Burkburnett in Wichita County, Texas — The American South (West South Central)
The Red River
†††††During the Spanish colonial period, the waterway and the crossing here became a main gateway into Texas. In the mid-19th century, brisk steamer traffic went on at the eastern end of the river. A military expedition under Capt. Randolph B. Marcy in 1852 explored the river to its upper reaches in land held by Native Americans.
†††††In 1921, the Burkburnett oil boom here led to a dispute between Texas and Oklahoma over ownership of the valuable river bed. The Supreme Court in 1921 and 1923 upheld the south bank as the Texas border.
†††††This site is 25 miles west of the important Old Fort Sill Crossing on the major military road that once linked the Oklahoma fort to outposts on the Texas frontier. The bridge here, opened to traffic in 1927, is the second free bridge to span the Red River.
Erected 1968 by Texas Historical
Location. 34° 6.061′ N, 98° 32.856′ W. Marker is in Burkburnett, Texas, in Wichita County. Marker is on E. 3rd Street west of Interstate 44 Service Road, on the right when traveling west. Click for map. Marker is in this post office area: Burkburnett TX 76354, United States of America.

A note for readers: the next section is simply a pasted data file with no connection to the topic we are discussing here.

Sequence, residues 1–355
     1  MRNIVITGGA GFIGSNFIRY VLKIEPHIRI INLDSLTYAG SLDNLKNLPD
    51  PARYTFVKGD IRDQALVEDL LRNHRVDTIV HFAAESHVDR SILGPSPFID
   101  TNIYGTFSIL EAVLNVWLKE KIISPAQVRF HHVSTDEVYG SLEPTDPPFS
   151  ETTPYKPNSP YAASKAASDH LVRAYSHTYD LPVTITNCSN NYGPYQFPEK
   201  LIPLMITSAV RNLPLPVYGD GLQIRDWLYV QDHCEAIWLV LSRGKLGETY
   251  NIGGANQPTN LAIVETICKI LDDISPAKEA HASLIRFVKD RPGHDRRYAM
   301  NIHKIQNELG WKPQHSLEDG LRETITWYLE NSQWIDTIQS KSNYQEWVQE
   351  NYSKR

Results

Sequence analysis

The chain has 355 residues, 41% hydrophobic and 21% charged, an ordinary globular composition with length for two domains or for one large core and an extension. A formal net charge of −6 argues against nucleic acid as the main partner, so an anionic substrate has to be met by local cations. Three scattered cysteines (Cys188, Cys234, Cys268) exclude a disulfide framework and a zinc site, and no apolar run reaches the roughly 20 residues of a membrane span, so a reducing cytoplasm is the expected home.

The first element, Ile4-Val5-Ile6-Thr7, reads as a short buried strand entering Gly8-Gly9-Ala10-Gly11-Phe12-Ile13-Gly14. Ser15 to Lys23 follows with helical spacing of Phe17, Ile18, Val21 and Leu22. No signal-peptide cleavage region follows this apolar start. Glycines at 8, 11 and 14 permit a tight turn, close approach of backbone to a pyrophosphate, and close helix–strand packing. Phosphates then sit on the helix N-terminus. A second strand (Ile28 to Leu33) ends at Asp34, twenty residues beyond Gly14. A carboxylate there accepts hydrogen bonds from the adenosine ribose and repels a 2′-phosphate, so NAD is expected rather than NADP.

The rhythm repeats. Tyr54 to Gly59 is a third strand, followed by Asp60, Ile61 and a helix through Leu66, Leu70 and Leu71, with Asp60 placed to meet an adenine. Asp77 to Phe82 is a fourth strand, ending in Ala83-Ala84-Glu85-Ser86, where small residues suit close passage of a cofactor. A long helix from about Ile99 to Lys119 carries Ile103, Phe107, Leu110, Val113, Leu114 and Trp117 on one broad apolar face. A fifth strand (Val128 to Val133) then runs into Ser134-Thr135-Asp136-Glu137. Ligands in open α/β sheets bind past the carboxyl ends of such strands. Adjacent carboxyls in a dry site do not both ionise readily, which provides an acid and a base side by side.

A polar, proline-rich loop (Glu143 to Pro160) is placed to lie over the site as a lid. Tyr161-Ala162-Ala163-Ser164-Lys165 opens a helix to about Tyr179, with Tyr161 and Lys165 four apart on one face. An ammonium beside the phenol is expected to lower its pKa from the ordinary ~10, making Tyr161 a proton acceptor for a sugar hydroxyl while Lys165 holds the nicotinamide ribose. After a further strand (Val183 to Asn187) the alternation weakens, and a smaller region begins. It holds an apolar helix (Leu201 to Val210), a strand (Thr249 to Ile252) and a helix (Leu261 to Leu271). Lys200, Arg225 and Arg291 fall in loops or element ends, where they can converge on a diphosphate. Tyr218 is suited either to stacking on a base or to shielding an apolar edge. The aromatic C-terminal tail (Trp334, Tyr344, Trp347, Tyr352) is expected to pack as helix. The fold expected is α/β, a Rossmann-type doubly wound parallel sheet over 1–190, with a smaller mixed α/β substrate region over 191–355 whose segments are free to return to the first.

Other nearby markers. At least 8 other markers are within 14 miles of this marker, measured as the crow flies. Burkburnett (here, next to this marker); Henry C. Luecke (approx. 13.3 miles away); George Alonzo Soule (approx. 13.3 miles away); Site of St. James Hotel (approx. 13.3 miles away); J. A. Kemp Wholesale Grocery Building (approx. 13.4 miles away); The Zale Legacy (approx. 13.4 miles away); Joseph Hudson Barwise (approx. 13.4 miles away); Texas Governor James V. Allred (approx. 13.4 miles away).
Also see . . . Red River. From the Texas State Historical Associationís “The Handbook of Texas”. (Submitted on June 25, 2014.)
Categories. • Colonial Era • Industry & Commerce • Roads & Vehicles •
Credits. This page originally submitted on , by Duane Hall of Abilene, Texas. This page has been viewed 266 times since then and 5 times this year. Photos: 1, 2, 3, 4, 5. submitted on , by Duane Hall of Abilene, Texas. This page was last revised on June 16, 2016.